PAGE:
Gæsteforelæsning ved professor i praktisk teologi og sjælesorg
Daniel Louw, University of Stellenbosch, Sydafrika (CV at the bottom of this Post)
Torsdag den 31. januar 2013, kl. 19.30-21.30
i Aud. 7, Det Teologiske Fakultet, Købmagergade 46, 1150 København K
From cura animarum to cura vitae and philosophical counseling
– towards a ‘new approach’ in pastoral care and counseling?
Philosophical counseling is aware of the fact that for healing to take place, the outside world and the framework for meaning, as well as the interpretation of events, need to be changed. Healing implies more than empathetic listening and talking. Healing also implies paradigmatic changes and the development of a functional philosophical disposition toward your situation. Rather than dwelling on the question: How do you feel? Philosophical counseling poses the questions: What is your framework for meaningful living?
What meaning, purpose, or value is implied? What is motivating you to decide for a very specific direction or definite goal? How do you envision a possible outcome and what are realistic options? What are the factors preventing you to act according to the eventual goal? What do you hope for? All of these questions cannot be separated from their philosophical context, which is determined by different schemata of interpretations and patterns of thinking (paradigms). Der henvises til Daniël Louws bog Cura Vitae. Illness and the Healing of Life, Cape Town: Lux Verbi 2008.
Abstract for a one-day seminar with Professor Daniel Louw,
Monday 4th of February 2013
Cura animarum – the cure of souls – has defined much of Christian caregiving. A world suffering from poverty, health pandemics, and war may require a new paradigm.
The cure of life – cura vitae – offers a new understanding of caregiving and seeks to find meaning for all people, regardless of their religious or philosophical orientation.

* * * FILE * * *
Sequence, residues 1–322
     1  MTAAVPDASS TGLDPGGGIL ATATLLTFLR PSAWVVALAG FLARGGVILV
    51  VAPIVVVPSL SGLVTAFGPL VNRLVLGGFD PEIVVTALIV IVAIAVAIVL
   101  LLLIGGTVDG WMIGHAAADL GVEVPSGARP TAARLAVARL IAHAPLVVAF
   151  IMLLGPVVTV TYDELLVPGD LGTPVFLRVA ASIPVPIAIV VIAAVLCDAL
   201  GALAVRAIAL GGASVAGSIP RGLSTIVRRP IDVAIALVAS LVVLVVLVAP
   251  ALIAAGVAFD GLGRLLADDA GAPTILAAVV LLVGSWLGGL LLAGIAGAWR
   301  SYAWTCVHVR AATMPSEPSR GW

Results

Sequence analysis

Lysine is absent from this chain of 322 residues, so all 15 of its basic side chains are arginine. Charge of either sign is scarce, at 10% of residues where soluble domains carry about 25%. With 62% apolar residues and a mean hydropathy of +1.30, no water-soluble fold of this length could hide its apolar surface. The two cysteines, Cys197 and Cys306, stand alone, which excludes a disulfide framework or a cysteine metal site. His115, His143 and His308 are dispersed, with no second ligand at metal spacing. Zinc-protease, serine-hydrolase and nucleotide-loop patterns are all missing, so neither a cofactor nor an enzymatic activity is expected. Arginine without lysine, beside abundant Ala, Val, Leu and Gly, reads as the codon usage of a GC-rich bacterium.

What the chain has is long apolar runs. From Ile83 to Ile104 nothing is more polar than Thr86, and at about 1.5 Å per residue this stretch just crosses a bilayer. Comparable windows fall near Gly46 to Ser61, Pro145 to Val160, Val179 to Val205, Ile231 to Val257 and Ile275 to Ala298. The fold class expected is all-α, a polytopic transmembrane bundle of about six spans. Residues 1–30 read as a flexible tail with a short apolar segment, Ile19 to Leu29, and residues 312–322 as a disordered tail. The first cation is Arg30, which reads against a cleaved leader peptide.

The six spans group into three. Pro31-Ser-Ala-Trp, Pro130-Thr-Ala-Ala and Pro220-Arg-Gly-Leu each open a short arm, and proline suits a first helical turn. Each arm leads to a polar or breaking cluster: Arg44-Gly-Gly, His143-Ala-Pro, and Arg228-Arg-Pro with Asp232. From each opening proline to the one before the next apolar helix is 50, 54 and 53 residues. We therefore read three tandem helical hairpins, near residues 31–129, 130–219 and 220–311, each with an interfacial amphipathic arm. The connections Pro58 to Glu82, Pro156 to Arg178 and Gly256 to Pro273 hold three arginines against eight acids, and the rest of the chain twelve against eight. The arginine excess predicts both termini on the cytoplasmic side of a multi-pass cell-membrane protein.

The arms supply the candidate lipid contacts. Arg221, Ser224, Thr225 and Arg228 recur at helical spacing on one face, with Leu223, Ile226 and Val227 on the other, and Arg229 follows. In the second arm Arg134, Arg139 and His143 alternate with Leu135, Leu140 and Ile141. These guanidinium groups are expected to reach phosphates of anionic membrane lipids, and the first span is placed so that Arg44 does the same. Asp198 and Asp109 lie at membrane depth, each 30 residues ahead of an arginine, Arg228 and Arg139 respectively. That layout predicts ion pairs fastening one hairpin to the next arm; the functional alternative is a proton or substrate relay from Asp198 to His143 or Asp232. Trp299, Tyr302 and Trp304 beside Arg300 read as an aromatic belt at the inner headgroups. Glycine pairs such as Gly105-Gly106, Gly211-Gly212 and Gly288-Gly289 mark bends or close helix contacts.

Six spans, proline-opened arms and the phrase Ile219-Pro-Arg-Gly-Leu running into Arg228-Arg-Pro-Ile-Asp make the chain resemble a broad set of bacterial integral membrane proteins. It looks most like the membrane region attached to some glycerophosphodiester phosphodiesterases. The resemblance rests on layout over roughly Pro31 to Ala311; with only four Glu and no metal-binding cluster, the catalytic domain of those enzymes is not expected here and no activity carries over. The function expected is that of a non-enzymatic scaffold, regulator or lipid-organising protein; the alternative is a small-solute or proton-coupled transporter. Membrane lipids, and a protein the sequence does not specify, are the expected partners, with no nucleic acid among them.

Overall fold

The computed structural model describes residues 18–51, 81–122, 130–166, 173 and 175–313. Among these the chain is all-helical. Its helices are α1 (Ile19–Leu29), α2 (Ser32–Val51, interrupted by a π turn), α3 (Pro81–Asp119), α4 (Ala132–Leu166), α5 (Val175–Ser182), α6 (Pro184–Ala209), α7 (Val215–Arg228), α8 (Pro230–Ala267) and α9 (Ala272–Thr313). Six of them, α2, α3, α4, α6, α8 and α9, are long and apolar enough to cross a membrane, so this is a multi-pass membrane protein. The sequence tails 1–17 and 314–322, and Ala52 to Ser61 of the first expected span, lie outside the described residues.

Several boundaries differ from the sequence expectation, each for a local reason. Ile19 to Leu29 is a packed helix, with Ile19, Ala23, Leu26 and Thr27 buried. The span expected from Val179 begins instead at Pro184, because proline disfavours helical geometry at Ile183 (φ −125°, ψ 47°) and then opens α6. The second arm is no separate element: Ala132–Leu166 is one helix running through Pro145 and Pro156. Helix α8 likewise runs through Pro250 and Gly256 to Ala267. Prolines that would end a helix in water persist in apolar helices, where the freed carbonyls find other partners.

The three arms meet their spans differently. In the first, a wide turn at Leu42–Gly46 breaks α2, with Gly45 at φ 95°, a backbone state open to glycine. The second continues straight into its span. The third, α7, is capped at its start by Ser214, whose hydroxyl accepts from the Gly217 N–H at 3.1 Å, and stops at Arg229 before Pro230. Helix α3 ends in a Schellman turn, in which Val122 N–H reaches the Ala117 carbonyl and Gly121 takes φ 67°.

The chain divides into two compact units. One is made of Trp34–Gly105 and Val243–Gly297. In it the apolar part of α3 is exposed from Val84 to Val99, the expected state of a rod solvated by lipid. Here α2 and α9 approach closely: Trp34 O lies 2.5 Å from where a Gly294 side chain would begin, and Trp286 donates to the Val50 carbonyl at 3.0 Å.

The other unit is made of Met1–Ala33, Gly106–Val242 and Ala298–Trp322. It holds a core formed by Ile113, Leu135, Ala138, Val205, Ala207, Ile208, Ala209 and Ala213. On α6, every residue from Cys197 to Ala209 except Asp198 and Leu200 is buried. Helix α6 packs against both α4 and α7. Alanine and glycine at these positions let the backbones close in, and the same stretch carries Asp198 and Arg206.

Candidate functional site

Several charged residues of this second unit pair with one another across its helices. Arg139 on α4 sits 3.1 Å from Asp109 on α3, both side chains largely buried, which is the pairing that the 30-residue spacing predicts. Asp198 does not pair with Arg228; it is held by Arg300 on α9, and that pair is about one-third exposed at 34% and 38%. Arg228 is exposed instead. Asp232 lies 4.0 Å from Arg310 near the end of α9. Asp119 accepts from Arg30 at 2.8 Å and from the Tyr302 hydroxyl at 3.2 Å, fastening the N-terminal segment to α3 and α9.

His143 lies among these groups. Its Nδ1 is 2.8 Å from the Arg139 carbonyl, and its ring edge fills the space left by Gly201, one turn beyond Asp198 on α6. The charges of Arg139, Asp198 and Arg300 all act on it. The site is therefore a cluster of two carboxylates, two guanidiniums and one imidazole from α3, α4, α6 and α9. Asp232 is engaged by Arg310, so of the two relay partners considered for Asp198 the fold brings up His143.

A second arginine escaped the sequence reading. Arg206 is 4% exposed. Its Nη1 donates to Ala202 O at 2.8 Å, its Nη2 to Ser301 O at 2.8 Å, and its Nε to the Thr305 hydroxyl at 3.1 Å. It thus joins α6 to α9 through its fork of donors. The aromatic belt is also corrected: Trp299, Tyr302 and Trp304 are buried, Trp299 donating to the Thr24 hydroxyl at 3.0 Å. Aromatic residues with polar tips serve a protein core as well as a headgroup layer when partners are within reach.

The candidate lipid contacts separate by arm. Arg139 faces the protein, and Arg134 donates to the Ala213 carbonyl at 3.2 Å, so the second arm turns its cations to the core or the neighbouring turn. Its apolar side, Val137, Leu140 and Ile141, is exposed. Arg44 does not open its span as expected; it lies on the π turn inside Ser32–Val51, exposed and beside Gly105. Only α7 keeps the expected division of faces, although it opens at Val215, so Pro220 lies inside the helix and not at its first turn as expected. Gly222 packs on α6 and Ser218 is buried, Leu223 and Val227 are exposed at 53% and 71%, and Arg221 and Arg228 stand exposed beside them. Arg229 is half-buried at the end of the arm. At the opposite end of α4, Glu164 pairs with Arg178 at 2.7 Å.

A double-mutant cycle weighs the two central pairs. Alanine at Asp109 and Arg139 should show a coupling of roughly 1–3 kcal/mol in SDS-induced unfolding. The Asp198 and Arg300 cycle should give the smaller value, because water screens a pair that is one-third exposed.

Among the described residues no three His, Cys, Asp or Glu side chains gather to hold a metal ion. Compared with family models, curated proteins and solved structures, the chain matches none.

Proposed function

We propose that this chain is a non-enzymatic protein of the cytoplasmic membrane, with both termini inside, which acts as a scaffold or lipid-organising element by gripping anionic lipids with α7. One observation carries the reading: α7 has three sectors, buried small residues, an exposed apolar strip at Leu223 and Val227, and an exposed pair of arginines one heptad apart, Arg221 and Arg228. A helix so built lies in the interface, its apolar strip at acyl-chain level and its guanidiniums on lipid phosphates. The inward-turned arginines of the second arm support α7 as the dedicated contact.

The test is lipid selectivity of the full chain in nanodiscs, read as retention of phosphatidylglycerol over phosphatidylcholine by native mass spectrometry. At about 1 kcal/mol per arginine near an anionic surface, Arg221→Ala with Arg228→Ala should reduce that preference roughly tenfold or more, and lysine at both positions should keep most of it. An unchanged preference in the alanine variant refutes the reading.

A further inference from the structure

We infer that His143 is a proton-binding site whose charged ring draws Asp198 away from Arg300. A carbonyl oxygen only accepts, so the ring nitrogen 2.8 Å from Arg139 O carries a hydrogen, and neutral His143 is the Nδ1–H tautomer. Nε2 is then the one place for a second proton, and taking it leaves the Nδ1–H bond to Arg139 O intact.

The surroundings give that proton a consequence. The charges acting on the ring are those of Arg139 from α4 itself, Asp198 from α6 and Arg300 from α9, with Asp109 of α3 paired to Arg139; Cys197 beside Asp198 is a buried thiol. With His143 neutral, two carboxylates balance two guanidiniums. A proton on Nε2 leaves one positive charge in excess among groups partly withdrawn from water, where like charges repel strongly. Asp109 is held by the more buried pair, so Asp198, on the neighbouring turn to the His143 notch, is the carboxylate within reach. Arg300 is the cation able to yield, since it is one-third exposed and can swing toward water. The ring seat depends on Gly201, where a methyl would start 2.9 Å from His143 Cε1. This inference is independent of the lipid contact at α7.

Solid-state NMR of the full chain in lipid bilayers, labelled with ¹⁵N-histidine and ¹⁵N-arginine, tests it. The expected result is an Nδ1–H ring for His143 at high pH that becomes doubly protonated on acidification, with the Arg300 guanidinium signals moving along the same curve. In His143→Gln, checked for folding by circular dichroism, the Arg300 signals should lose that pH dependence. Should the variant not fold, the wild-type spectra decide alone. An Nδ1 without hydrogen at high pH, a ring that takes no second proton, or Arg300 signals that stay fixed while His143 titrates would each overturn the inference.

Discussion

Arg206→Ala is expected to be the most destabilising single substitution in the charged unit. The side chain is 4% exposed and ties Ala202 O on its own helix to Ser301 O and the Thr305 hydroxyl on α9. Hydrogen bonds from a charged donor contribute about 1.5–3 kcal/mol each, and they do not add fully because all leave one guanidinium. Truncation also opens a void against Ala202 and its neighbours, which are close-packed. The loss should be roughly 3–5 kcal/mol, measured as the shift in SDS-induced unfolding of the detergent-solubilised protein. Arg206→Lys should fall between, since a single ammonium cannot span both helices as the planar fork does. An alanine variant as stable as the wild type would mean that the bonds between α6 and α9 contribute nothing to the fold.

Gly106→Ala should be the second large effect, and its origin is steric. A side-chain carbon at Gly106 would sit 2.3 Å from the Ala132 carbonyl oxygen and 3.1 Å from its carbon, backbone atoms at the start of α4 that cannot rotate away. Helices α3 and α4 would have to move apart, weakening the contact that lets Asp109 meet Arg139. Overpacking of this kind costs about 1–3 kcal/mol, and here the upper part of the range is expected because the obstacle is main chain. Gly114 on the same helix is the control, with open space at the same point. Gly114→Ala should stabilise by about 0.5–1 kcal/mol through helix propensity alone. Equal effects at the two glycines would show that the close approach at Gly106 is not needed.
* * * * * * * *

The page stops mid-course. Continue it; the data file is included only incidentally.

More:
In his book, Cura vitae: Illness and the cure of life, South African theologian, Daniel Louw (2008) argues for this new paradigm in pastoral caregiving.
Louw explores pastoral care that seeks meaning in suffering and empowers living in the face of death, while questioning whether traditional approaches to caregiving can speak into today’s world.
Cura vitae is primarily preparatory and preventative: it prepares persons to face illness and death even as it empowers persons not to become ill or stuck in dysfunctional systems.
Also, pastoral care as cura vitae is affirming of all lives, restorative, and transformational.
Embracing the uniqueness of personhood, cura vitae as the cure of life affirms individuality within multiple relational systems. It finds health in the presence of meaning rather than in the absence of illness.
Louw summarizes his argument as follows:
Cura vitae is about a theology of life and the healing of life… It is about hope, care, and the endeavor to give meaning to life within the reality of suffering, our human vulnerability, and the ever-present predicament of trauma, illness, and sickness… Cura vitae is a theological attempt to create a paradigm shift in care giving from a predominant focus on our “knowing and doing” functions to our “being” functions.
I propose four lectures departing from this point of view:
1. Theory formation in pastoral care: Towards a theology of pastoral care – an introduction to Cura Vitae
2. Anthropology in spiritual care and healing: Towards a systemic approach
3. Spiritual care as life care: Towards an integrative and existential approach
3. Counseling in spiritual care: Towards a four stage model within the practice of care and counseling
Karsten Thomsen, chaplain Bispebjerg Hospital 5.of November 2012
Seminars with Daniel Louw January 2013
Wednesday 30.1.13 afternoon 13-15
Pastoral anthropology with emphasis on our contribution to healing and wellbeing – human identity and dignity in caregiving/chaplaincy within the realm of discrimination and stigmatisation.
What is meant by a ‘Pastoral Anthropology’ in care and what is the difference between a theological anthropology and the other helping and healing professions.
We experience that when the ministers are working in hospitals the question surfaces:
What is our contribution to healing and well-being?